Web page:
Associated Churches first became acquainted with the Clinic through their mutual service. “Because we serve a diverse population, the Clinic was already doing ministry in the same places that we were,” says Roger. “We were providing emergency food relief for the food bank and the Clinic was providing intake at the same location.” This put the Legal Clinic on Associated Churches’ radar, and thus, a new relationship was borne.
For some time, Mario and his friend were harassed by a local Narco group led by the town’s own Mayor. “[The Mayor] tries to recruit all the boys to be murderers and vigilantes for him,” says Rachel. But Mario and his friend both resisted. This refusal came at a high price, and when Mario was only 16, the Narcos killed his friend in front of him. Mario barely escaped with his life.
Janet found the face-to-face meetings with clients during intake to be especially transformative, their needs frequently going beyond the scope of what legal assistance could provide. Although she was able to offer them her legal expertise, their stories were often filled with dark and difficult chapters. “In some cases, we met the face of profound despair,” Janet says. “This is the humanizing encounter and one where Jesus has called us to be present.”
On Wednesday mornings, clients at the Clinic can fill out a small form if they would like prayer. At times, the language barrier complicates things, but Christine trusts the Holy Spirit to guide her. For one woman in particular, Christine felt a powerful need for safety, and so she prayed for a hedge of protection. She then learned more of the woman’s story, which included sexual abuse, drug trafficking, and much danger. Christine says Kathleen told her, “This is not an atypical story.”
Due to recent events, the Clinic hopes to clarify and provide information to the public and our supporters regarding refugees. In the upcoming days, we’ll be sharing stories of just a few of the clients we have come to know and appreciate on social media, so be sure to like us on Facebook. We’ll also be sharing more information about why the Clinic serves refugees and why we believe this work is an important part of our mission.
While Neighborhood Christian Legal Clinic’s main office is located in Indianapolis, there is also a satellite office in Ft. Wayne. Desiree Koger-Gustafson serves as its Director and part-time attorney, while Cathy Warney serves as the only full-time employee. In addition to her paralegal duties, she also handles reception and coordinates volunteers. “My days are pretty crazy,” says Cathy. “I wear lots of hats.”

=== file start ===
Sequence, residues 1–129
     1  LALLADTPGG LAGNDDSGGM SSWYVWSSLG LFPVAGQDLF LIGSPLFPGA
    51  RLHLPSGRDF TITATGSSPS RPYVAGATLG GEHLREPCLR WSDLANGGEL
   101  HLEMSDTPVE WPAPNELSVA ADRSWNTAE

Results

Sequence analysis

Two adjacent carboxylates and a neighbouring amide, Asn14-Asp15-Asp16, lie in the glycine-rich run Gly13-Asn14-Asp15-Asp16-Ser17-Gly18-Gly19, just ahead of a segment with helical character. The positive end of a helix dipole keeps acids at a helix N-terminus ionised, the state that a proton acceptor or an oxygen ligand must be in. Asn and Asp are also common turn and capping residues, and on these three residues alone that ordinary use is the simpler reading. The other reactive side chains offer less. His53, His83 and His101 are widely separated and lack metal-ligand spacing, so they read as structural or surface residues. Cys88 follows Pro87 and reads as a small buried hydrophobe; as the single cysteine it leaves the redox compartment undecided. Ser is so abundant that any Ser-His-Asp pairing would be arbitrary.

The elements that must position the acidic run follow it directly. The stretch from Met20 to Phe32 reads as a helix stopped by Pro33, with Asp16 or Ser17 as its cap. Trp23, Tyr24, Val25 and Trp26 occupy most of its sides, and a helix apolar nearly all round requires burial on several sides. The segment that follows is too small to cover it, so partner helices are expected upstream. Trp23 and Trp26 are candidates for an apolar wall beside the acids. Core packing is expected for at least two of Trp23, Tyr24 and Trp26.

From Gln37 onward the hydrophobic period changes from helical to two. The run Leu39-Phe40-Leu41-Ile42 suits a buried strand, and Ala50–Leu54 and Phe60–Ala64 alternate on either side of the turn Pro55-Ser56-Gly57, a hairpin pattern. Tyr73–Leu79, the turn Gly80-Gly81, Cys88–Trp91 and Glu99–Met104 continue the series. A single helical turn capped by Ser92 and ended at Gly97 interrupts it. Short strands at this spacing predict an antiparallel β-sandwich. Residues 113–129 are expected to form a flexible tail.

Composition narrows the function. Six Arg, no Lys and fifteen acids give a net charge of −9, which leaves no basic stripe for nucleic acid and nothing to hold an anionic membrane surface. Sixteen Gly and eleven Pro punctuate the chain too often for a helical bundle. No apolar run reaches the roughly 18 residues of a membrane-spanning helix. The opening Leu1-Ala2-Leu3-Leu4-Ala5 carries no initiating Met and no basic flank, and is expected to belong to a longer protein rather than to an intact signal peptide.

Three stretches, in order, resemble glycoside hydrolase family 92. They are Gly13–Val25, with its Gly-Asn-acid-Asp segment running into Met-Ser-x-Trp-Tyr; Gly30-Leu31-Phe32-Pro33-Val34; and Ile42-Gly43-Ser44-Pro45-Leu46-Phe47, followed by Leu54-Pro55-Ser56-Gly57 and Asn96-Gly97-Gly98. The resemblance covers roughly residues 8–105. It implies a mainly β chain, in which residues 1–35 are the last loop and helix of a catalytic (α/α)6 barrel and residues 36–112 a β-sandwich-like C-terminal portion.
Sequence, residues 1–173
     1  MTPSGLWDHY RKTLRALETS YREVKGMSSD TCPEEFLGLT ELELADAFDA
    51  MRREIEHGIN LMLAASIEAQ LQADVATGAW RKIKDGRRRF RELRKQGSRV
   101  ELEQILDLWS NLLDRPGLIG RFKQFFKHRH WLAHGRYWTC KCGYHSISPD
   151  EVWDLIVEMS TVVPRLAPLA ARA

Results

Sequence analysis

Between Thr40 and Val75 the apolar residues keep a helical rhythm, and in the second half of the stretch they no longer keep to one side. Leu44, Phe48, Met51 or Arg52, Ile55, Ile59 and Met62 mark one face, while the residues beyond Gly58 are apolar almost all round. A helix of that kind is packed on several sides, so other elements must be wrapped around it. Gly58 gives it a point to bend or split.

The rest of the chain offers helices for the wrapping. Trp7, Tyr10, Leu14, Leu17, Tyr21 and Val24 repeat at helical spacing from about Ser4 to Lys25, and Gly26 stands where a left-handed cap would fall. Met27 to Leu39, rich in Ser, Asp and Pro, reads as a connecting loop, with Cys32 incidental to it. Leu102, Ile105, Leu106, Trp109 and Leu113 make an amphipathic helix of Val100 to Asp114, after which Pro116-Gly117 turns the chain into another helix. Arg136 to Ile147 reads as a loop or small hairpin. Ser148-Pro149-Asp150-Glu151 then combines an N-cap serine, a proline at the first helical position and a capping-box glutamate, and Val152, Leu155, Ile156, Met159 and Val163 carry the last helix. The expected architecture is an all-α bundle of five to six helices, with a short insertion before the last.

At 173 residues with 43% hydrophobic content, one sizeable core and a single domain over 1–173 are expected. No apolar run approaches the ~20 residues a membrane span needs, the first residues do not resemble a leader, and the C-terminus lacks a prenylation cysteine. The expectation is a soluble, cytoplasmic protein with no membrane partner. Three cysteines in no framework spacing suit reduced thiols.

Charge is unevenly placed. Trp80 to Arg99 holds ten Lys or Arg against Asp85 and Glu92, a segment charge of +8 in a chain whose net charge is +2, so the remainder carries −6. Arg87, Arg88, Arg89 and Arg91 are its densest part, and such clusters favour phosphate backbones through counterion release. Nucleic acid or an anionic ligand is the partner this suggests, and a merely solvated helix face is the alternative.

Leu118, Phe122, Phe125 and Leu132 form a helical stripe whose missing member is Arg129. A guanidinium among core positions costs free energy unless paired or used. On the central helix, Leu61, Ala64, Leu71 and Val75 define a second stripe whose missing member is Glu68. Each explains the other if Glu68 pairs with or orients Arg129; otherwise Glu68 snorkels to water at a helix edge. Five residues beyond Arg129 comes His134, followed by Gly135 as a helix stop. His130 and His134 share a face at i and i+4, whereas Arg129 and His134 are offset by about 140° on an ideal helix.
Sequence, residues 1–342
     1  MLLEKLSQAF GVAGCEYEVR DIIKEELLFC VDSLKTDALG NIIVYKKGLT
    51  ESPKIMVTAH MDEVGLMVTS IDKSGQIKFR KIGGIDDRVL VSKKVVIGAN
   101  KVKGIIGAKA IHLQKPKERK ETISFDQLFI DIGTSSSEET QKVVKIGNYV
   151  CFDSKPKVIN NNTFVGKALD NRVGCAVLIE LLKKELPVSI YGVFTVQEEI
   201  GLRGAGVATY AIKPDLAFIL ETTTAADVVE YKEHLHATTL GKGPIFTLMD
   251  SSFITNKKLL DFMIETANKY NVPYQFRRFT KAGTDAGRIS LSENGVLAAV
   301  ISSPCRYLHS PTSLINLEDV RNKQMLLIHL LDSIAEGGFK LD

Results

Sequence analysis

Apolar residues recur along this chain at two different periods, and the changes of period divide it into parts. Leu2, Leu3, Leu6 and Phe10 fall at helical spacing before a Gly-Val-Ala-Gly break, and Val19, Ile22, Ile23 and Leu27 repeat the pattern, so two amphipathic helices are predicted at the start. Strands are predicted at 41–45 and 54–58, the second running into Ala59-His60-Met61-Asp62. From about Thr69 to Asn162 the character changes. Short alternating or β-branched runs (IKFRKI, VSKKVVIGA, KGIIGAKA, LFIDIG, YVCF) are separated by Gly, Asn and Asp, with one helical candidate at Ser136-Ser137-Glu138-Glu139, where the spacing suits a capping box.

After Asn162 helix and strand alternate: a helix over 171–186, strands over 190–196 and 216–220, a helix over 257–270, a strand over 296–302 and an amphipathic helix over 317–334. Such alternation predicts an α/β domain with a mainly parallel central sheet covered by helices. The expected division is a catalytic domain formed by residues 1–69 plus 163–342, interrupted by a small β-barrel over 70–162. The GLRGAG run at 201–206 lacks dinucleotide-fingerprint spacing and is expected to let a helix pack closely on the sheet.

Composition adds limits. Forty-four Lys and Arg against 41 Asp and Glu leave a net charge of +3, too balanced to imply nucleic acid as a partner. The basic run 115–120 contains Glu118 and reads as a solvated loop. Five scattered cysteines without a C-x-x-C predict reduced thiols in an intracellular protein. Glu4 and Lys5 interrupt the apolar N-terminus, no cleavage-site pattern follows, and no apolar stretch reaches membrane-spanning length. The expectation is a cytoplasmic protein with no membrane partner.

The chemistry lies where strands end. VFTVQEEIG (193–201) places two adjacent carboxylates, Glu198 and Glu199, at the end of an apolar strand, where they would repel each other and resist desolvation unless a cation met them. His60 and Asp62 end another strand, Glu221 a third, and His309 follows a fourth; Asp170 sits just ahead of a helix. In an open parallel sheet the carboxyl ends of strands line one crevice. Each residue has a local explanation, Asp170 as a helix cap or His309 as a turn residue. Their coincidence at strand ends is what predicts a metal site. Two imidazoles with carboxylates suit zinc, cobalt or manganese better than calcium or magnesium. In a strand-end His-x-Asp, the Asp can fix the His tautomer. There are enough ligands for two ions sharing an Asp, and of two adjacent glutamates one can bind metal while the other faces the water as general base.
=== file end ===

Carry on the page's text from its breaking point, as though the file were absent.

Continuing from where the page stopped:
Lacy Panyard knew from the time she was a little girl that she wanted to be an attorney. But it was a study abroad trip to Mexico with her school at the age of 17 that helped determine her specialty. She says, “While I was down there, I saw people who were wealthy and who have everything they need. They’re living better than us. And then I saw the people who are 5-year-olds, out on the street, selling gum and homemade goods because they don’t have food on the table.”
But to Fatima, the Clinic isn’t just an excellent employer; she believes the work the Clinic does is absolutely pivotal to the community. “I think there’s a gap in the justice system. If you get in trouble and it’s a criminal issue, you’re entitled to a public defender,” she says. “If it’s a civil matter, you basically have no protection… It puts people in a vulnerable situation when they don’t have access to an attorney.” She stresses that these already-vulnerable situations are often compounded for people by their lack of specialized knowledge about issues like immigration law, paperwork, and unknown deadlines. She believes part of her purpose in life is to help walk people through this kind of information.
Recently, Neighborhood Christian Legal Clinic was honored at Exodus Refugee Immigration’s Celebrate the Life Ahead gala. We were given the award for Community Partner of the Year. Elizabeth Standiford, Director of Development and Communication at Exodus, says, “[The Clinic] is a true partner in upholding human rights and you have made such a difference for refugees.”
What kinds of things might bar a refugee or immigrant from entering the United States? What is our obligation as a UN nation to helping refugees? And what role does faith play in providing services to them?
In Part 2 of our special two-part series on Immigration and Refugees, Director of Outreach & Immigration Services at Exodus Refugee Megan Hochbein and Immigrant Justice Program Staff Attorney Rachel VanTyle answer these questions and share some of their favorite moments working with refugees.